A Major Measure Of Biological Fitness

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A major measure of biological fitness in a population is the fecundity, or reproductive success rate, of female organisms (Berger et al, 2008). For insects in particular many factors influence the number of eggs produced during the lifetime of a female. One key factor in insect reproduction is the ambient environmental temperature. Insects are ectothermic and therefore rely on their environment to provide the heat needed to carry out normal reproductive functions. Ambient heat dependence for insects has been thought to have a greater effect on fertility success than other contributing factors such as increased female body size. Studies by Berger and others have shown that the European speckled wood butterfly, Pararge aegeria, can only reproduce in the temperature range of 8°C and 14 °C even when controlling for larger female body sizes. The findings of the study suggest that temperature can limit insect reproduction in two specific ways. First, the development of the egg may be inhibited by temperature ranges that are outside the preferred range of the insect. Second, the female’s range of time she is able to lay eggs is reduced when the temperature of the immediate environment is not conducive to the survival of her offspring (Berger et al, 2008). Thus, temperature is a paramount factor when considering the success rate of many insect species.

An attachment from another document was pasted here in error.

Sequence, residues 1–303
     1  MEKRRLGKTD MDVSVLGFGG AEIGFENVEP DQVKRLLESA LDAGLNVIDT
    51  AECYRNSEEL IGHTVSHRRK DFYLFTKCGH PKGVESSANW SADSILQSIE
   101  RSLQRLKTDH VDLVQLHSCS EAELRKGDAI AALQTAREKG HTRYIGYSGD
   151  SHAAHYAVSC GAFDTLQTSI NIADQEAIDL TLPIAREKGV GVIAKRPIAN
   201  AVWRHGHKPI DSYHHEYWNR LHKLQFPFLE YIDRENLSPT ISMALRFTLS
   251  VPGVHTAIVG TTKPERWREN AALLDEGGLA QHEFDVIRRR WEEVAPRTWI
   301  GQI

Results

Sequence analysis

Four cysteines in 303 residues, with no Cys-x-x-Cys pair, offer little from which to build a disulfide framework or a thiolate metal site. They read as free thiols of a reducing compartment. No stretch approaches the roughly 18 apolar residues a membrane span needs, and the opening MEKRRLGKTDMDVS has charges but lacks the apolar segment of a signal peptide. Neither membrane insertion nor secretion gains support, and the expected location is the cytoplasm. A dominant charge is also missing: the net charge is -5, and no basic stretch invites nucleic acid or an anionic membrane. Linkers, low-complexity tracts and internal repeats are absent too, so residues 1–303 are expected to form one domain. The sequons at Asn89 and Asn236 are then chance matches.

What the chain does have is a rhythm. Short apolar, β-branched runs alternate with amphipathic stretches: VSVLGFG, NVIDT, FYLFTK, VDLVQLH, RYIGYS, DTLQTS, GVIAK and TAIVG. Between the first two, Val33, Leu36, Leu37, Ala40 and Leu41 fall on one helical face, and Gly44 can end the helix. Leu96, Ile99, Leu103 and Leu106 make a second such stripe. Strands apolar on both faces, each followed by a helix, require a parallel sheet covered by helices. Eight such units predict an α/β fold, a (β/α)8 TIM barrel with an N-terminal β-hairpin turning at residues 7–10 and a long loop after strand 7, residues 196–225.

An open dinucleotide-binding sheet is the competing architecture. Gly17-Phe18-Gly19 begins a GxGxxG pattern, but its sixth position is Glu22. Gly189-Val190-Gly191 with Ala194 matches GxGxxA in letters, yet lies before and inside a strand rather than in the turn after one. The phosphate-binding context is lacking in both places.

Other studies have shown the importance of temperature on reproductive success of certain insects and the implications that
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